That is why multiple teams of first-responders are on their way to a disaster zone halfway around the world. This generation of military veterans is unlike any other. My father fought in Vietnam, my grandfather in World War II. The vast majority of service members in those conflicts were drafted. By contrast, today’s military is all-volunteer. Most signed up or re-enlisted during a time of war. The desire to serve drove them to join in the first place, and it remains part of their DNA. That instinct does not simply vanish when they return to civilian life. When I visit wounded service members, I hear this refrain again and again: I want to get back to my unit. I want to continue to serve.
That is certainly how I felt. Since leaving the Navy, I went back to school, taught for a while, and did my time in corporate America. Now I am the chief operations officer of Team Rubicon, a non-profit that repurposes the skills of military veterans to redeploy them as disaster-relief volunteers. For me, like almost every vet I know, the call to serve is inescapable. It is felt most deeply on those occasions, like Memorial Day, when we think about our buddies who never came home. By serving again, we honor them.
In September of 2013, I found myself in Longmont, Colorado, riding shotgun in a pickup truck with Ryan Creel, former Army combat photographer turned disaster-relief worker. He was leading teams of volunteers in a flood-ravaged Colorado town. Ryan’s crews shoveled out mud and debris in a row of homes along the river, and surveyed property damage in an upstream neighborhood cut off by the shifting waters. Behind his mountain-man beard was a look of hard determination. Also the hint of a smile. He had a mission again. But the road to get there was hard.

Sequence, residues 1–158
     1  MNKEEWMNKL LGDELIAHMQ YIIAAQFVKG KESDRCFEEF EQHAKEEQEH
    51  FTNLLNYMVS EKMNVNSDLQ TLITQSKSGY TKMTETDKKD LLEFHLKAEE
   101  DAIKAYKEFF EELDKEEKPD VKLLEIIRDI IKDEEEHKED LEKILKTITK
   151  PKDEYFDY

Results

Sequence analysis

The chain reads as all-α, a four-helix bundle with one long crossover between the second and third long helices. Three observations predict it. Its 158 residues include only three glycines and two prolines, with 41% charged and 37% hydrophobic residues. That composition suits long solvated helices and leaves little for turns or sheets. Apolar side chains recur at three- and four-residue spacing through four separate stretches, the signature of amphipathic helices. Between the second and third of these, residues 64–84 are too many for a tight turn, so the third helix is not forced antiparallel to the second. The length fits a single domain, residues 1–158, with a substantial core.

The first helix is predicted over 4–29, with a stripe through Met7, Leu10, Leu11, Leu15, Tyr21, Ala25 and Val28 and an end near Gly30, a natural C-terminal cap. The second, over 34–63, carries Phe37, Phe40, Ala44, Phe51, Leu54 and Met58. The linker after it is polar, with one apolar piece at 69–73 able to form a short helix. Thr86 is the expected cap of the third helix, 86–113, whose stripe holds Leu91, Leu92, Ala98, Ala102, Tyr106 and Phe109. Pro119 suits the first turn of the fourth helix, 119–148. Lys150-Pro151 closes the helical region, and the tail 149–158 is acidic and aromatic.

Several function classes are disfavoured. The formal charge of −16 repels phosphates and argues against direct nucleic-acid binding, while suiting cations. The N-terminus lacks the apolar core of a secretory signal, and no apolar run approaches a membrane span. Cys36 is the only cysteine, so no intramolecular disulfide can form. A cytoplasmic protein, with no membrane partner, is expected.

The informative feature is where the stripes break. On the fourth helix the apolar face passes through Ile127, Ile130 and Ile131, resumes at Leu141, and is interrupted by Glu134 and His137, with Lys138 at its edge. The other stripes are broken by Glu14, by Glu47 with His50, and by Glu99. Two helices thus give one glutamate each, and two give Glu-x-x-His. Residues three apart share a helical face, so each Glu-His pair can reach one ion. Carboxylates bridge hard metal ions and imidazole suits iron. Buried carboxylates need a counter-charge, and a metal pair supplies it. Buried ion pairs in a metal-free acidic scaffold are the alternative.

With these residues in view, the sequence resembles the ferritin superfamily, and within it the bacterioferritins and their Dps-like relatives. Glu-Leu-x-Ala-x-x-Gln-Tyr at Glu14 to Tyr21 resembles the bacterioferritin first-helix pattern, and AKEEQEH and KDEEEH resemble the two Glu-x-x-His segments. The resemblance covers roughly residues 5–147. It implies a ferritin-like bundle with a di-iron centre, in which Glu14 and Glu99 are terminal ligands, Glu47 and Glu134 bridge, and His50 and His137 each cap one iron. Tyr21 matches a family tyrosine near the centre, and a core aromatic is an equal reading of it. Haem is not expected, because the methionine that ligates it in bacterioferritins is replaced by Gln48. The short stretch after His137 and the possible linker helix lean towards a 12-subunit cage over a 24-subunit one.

“I was embedded with an Iraqi [Special Forces] team,” he told me. “Great guys, every single one.” Ryan ate, slept, and fought alongside these men. He spoke of the bond they forged, the kind possible only in the furnace of war. He talked of darker things too. “One of my duties was documenting the dead.” On several occasions, insurgents discovered the identities of his Iraqi teammates. They were dragged from their homes, tortured, and killed. It was Ryan’s job to identify the bodies. Those images became seared into his brain.
When Ryan came back from Iraq, he was thanked for his service. But the well-meaning offers of support were not enough to make up for what Ryan left behind. “It wasn’t just the friends I lost,” he confided. “When I took off that uniform, I had no identity, no purpose.” His life spiraled out of control. There were too many experiences he could not forget, too many things he could not unsee. He spent months in a psychiatric facility. Too often, the stories Americans hear end there—with the suffering vet. But with help, Ryan began to recover. The most important part of that journey, he insisted, was finding a new mission. If there is one thing that binds vets like Ryan, Cal, and Bob, it is their desire to continue serving.